This is a process that affects the connective tissue of the penis. Besides, a fibrous lesion (plaque) appears and, apart from being usually felt, it may cause curvatures or other deformities of the penis. It is a benign pathology. However, it can make sex difficult or impossible, resulting in a devastating situation for the patient’s sex life and overall quality of life.
Although the cause is unknown, the most accepted theory is based on the succession of vascular microtraumas in the tunica albuginea, one of the layers of the penis. In some cases, the cause has been described after finding a more serious traumatism (fracture of the penis) that has not been correctly treated. This pathology affects men of all ages, although those between 40 and 70 years old are more prone to suffer from it. It has been generally stated that it only affects 1% of the male population, but some authors claim that its incidence may be on the rise, affecting 4-5% of men. It is associated with the Ledderhose and Dupuytren’s diseases, which are fibroid retractions of similar characteristics that occur in the palms of the hands and soles of the feet, respectively.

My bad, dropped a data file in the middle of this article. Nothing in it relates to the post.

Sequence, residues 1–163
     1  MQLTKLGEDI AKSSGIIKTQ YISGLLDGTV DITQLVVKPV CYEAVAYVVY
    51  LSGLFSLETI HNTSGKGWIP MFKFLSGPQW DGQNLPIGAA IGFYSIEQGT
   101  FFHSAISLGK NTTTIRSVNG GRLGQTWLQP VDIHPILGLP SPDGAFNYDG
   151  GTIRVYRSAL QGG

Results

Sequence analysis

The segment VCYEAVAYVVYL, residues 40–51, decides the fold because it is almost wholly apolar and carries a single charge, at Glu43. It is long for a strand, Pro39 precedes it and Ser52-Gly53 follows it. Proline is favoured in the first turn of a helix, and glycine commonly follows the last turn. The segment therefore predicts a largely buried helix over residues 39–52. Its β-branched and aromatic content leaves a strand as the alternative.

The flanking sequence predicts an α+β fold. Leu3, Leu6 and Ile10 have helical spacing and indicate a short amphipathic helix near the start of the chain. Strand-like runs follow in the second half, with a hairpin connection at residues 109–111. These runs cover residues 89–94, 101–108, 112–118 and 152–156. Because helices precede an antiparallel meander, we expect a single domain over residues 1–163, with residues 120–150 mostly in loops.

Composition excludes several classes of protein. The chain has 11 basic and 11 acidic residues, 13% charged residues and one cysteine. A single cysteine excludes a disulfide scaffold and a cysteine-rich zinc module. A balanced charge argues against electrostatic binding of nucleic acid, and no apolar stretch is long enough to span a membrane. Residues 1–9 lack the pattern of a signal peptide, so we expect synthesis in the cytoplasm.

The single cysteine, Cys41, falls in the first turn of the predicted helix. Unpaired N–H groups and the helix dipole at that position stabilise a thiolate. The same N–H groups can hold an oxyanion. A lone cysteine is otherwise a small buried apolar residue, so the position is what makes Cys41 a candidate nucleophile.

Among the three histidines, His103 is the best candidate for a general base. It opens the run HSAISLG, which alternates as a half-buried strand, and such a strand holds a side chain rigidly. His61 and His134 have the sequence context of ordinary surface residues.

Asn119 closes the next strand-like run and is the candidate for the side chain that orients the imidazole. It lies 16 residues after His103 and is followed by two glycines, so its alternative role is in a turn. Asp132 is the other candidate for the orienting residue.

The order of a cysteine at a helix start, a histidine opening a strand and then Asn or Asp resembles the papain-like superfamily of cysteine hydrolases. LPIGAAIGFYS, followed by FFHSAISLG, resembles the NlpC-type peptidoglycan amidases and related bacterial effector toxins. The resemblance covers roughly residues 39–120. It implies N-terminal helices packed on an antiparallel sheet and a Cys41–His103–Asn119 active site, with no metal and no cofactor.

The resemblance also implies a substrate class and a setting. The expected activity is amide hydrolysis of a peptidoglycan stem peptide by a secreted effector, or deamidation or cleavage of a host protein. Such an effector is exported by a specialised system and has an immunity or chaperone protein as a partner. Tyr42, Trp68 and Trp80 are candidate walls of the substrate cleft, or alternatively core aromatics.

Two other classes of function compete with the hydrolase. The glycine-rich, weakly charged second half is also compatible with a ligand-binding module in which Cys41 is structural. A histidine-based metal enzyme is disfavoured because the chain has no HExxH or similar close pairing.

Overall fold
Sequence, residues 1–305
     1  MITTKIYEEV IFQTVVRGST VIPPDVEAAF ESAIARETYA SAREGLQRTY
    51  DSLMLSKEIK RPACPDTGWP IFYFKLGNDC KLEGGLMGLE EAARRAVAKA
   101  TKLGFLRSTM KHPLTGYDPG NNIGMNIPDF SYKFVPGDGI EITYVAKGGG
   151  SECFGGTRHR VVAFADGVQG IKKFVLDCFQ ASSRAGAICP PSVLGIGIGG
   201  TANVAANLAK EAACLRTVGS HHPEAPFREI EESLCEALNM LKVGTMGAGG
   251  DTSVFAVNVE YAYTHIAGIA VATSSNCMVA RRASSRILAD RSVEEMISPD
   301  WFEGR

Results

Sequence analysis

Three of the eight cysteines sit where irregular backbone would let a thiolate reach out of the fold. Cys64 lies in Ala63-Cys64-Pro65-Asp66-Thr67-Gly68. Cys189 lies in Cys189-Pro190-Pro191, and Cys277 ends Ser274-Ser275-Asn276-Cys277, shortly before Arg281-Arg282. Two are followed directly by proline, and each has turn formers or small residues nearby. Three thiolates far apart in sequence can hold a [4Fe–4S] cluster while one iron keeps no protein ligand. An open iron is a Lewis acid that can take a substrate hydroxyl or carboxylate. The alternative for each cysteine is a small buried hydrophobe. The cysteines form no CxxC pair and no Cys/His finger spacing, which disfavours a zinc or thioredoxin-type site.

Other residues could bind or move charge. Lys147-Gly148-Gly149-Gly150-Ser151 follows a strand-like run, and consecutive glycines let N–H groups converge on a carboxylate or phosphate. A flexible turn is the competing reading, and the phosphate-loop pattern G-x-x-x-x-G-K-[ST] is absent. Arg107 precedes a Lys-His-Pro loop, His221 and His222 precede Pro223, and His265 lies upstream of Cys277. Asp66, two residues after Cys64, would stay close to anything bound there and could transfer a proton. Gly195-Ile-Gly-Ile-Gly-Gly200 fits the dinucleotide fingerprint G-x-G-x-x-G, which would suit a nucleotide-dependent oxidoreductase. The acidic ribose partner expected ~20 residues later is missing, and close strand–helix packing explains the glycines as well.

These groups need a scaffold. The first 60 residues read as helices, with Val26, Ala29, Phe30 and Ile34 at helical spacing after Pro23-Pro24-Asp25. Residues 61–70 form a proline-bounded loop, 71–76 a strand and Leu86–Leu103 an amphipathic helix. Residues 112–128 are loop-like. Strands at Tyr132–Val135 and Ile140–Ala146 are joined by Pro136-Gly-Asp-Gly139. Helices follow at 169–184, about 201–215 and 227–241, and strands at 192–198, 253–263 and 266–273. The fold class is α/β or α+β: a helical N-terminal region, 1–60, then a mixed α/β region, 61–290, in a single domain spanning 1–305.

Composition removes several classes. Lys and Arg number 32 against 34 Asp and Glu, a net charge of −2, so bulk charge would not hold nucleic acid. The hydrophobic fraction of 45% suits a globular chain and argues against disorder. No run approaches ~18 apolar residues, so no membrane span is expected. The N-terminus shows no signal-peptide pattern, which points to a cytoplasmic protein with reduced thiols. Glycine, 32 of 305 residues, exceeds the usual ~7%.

Typically, two stages of the disease are distinguished:
» Acute phase: there is an inflammatory reaction of unknown cause, causing the appearance of palpable fibrosis (plaque). It is usually accompanied by pain during erection, and the patient observes a progressive deviation or deformation (hourglass, indentation). It usually lasts between 12 and 18 months, on average.
» Chronic or stable phase: inflammation is reduced, leaving the palpable plaque. Usually, the patient stops feeling pain during erection, and does not observe a worsening of the deformity. The plaque is usually palpable and, in some cases, it may calcify and even ossify.
It can cause erectile dysfunction, the severity of which will depend on the disease itself and the previous characteristics of the patient. It is also common for the fibrous and scarring process to lead to a variable penis shortening.
It is important to see a specialist as soon as any of the symptoms described in the acute phase are noticed, since starting treatment in this phase can stop the progression of the disease, and thus prevent more serious sequelae and more aggressive treatments.